The primary goal of an effective leader is to ensure that the people they lead remain in flow as much as possible. Deadlines create an artificial constraint that distracts from the true motivation factors, reducing flow, and thereby leading to sub-optimal outcomes in the long-run.
For most of my engineering career, I have enjoyed profound autonomy, and been prolific, while experiencing almost no interference from managers attempting to control my output. I have also been minimally impacted by deadlines. One personal datapoint that enables me to more deeply empathize with those being anti-managed was a short period of being really badly managed. I was reporting to a new manager who seemed to have read a book on management and then decided to do exactly the opposite of everything that was recommended. After I informed him that his daily check-ins were distracting, he switched to setting micro-deadlines for me.
After this manager had left me alone for two weeks with one of these micro-deadlines, we met and I explained to him how much more progress I had been able to make without his interference. He told me that he didn’t agree, because I had apparently not precisely met the arbitrary micro-deadline that he had set for me. If he had been listening to what I told him, he would have understood that, without the distraction of his continual interference, I had achieved far more than his micro-deadline demanded. As always happens with deadlines, the complexity of the unfolding process revealed much more about what needed to be done than could have been anticipated at the beginning, even by me let alone by him.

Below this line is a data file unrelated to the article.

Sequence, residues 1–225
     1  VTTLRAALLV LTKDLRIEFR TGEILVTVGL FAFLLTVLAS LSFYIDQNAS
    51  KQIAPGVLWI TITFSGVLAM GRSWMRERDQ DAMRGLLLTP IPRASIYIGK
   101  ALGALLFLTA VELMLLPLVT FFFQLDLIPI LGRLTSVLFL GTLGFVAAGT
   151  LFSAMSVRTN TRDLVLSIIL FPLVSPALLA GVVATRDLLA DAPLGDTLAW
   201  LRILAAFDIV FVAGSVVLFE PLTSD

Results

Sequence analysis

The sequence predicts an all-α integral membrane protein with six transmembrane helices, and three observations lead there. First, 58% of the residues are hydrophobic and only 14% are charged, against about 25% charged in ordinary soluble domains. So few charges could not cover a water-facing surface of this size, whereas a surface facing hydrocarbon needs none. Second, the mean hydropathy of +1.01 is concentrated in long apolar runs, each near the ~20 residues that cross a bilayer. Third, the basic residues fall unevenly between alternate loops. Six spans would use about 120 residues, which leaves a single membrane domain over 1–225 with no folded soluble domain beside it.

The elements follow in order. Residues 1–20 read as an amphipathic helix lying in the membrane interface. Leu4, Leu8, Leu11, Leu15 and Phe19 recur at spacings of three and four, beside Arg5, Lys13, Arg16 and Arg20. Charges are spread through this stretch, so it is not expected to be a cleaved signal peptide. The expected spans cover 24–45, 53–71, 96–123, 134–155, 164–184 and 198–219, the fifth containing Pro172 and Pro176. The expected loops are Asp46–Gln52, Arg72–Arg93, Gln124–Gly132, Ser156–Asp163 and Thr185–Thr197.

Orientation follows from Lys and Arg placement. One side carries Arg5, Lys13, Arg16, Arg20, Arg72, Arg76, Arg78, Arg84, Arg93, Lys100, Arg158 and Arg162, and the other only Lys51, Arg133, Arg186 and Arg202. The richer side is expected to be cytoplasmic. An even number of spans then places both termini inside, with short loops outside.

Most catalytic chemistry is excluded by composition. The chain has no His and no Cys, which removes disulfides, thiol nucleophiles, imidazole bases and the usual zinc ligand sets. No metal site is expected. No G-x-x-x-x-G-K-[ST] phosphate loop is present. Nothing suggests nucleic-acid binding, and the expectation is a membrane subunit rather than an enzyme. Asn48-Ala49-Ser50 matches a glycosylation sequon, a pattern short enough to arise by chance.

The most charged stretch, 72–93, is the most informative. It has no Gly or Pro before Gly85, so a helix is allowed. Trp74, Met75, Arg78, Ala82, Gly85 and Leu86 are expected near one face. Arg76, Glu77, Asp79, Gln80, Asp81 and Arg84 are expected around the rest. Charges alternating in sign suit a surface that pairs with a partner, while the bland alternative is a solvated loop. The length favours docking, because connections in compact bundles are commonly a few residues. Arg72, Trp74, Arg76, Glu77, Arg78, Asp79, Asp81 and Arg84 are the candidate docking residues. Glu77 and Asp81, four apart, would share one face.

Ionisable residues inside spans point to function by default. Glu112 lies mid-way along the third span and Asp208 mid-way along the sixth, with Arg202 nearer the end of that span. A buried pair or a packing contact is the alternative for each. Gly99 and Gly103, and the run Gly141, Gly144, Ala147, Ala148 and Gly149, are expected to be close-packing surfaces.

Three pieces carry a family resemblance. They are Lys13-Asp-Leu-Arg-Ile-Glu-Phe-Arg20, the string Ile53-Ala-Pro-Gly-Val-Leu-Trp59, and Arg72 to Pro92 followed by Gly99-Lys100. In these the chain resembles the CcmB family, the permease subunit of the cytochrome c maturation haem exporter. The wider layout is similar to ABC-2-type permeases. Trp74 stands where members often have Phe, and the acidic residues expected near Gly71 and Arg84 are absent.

It didn’t seem to matter to him that I had proactively focused on the most important work during that two week period. What seemed to matter to him was that I had not continued to mechanically focus on the less important work demanded by his deadline. To him, being in control seemed to be more important that the quality, quantity, and relevance of the outcome.
I then happened to complete that micro-deadline a day or two later than planned simply because the reality of the work happened to take a day or two longer than he had originally estimated. His response to my claim that I worked more effectively, and with much less stress, when he backed-off a little on the micro-management was that, “I don’t see the data for that,” apparently having no clue that the words coming out of my mouth were the most valuable data he could ever receive.